Patton Oswalt's first half-hour HBO special a decade and a half ago (I'm as surprised as you) marked the arrival of a unique comic voice, one that would, in the subsequent years, assume a place alongside Louis C.K., Chris Rock, and Eddie Izzard as one of the foremost working practitioners of the art. Along the way, he continued to develop a specific comedic style, deftly mixing generous portions of pop culture geekery with trenchant political commentary, absurdist flights of fancy, and occasional confessional sidebars.
But we geeks must grow up, and Oswalt did; he was married in 2005 and had his first child two years ago. His 2009 special, My Weakness is Strong, saw a subtle but noteworthy shift in the focus of his material, as concerns of marriage and impending fatherhood started to work his way into the act. The Oswalt of his new special, Finest Hour (which first aired last fall on Showtime), has pivoted further towards these themes--but, thankfully, without abandoning his distinctive persona or welcome edge.
Sure, there are stories of fatherhood: running "daddy errands"; realizing that his parenting choices come off, to his mother, as criticisms of hers; engaging in impromptu "dance parties" with his daughter. But Oswalt hasn't transformed into some kind of insufferable daddy comedian, or even shifted to predominately family-focused material (a la Ray Romano). He's still dealing with the same insecurities (when his mother insists that, via her methods, he "turned out just fine," he tells the audience, "I let that go. I don't have four hours"); he's still capable of taking the mundane and coming up with an ingenious pop analogy (as when he compares his immediately-winded dancing with his daughter to a bloated Axl Rose's performance at the VMAs).
But because Oswalt is letting us in to personal matters, and taking on a more plainly autobiographical bent on stage, his persona is evolving past the comic book geek box that some keep sticking him in. He's an enormously likable comic, to such a degree that the acknowledgement of one of his rare fumbles (at one point, he says "bewery" instead of "brewery") stays in, because his immediate reaction gets such a warm and genuine laugh. And because of that familiarity, he's also approaching the kind of hallowed ground Bill Cosby treads in his performances these days, where he can tell a story that's not inherently funny, but more anecdotal--talking his way out of a ticket, a misunderstanding at the deli counter--and turn it into a first-rate bit via the skill of the telling and the insane leaps of logic he can take within it. (The unexpected references help too; there's as many left-field call-ups here as in a good Mystery Science Theater 3000 episode.)
He bounces from one topic to the next--other subjects include The Avengers, cursive writing, the Spam museum, the circus, jock rock, dreaming, Jerry Maguire, Disneyland, living in L.A., and walking a dog in New York--with an abandon that borders on recklessness. His segues that are minimal, and sometimes entirely absent ("The circus is in town!" he'll suddenly announce, or tell us, apropos of nothing previous, "I've got some Ambien waiting back in the room..."). He's got no hesitancy about pulling a weird bit out far past its presumed breaking point (see the riff on the vomit-bag guy: "Please let me vomit for you"). And neither domestic bliss not fatherhood has softened his occasional darkness, which comes with an early warning, after a particularly odd dramatization: "Yeah, Dr. Suess on an angry pussy hunt. Strap in!"THE DVD:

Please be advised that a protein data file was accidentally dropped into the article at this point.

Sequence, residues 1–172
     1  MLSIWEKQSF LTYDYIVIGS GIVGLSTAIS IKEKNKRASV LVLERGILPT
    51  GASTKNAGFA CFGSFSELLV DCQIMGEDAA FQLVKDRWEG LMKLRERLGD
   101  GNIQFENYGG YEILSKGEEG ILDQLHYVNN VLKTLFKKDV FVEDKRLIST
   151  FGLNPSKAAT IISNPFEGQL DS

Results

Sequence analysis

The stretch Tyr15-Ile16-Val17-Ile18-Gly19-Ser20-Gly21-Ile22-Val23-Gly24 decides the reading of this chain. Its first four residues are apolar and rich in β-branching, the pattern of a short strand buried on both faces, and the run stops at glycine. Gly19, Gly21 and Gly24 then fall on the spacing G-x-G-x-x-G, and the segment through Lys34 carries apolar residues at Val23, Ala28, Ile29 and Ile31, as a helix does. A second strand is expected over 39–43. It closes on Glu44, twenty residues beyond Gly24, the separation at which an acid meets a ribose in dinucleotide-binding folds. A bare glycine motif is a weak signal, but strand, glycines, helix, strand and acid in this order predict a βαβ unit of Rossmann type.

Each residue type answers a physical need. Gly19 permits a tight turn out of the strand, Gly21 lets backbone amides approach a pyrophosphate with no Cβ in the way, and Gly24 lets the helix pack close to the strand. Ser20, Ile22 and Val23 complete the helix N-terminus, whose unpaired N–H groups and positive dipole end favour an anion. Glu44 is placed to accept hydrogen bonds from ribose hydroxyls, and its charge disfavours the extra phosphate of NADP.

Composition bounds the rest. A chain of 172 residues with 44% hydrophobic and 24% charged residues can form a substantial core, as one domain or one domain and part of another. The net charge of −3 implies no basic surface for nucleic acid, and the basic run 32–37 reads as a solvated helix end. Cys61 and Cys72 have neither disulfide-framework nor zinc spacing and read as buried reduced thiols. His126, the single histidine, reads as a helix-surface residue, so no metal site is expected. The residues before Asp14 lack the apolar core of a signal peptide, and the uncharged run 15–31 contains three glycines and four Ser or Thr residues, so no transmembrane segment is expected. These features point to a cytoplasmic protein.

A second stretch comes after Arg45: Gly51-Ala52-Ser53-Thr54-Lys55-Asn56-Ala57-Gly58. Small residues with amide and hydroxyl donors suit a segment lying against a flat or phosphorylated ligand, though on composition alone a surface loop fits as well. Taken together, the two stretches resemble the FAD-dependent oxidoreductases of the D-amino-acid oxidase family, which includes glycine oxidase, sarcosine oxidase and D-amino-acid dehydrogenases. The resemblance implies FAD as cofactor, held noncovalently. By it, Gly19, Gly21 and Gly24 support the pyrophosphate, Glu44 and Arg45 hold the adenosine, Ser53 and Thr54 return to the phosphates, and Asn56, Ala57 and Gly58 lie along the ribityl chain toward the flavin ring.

Video & Audio:
The anamorphic widescreen image is crisp and attractive; skin tones are natural and clarity is good. Oswalt wears a dark suit against a dark curtain and the frame is heavy on shadows, but there is no crushing of note. The Dolby Digital 5.1 mix is nicely immersive, placing the viewer in the midst of well-separated audience reaction, while Oswalt's audio is clean and audible. in the center channel.
"Encore: KFC Bit" (8:32) marks the comic's return to KFC, which he memorably skewered with a bit on the "Famous Bowls" on his Werewolves and Lollipops record. He discusses the company's response to the notorious bit, as well as how the company went "Caligula crazy" with the "Double Down" sandwich and a test-marketed product called the "Mega Leg" ("That sounds biblical!"). It's a great bit, as funny as anything on the special--eight and a half minutes well spent. "Pre-Show Superstitions" (7:18) cleverly combines footage of the comic backstage with the typical enthusiastic sound bites from fans in the lobby. And "Stuff that Patton Mentions" (4:10) is a charmingly low-rent featurette that promises exactly what it delivers.
To his credit, Oswalt proves himself a comic who is still taking chances and still evolving, even when he could easily rest or coast. Patton Oswalt: Finest Hour doesn't quite live up to its title (that honor still probably goes to his untouchable first album, Feelin' Kinda Patton), but it is still an outstanding hour-plus of stand-up from one of the best in the business.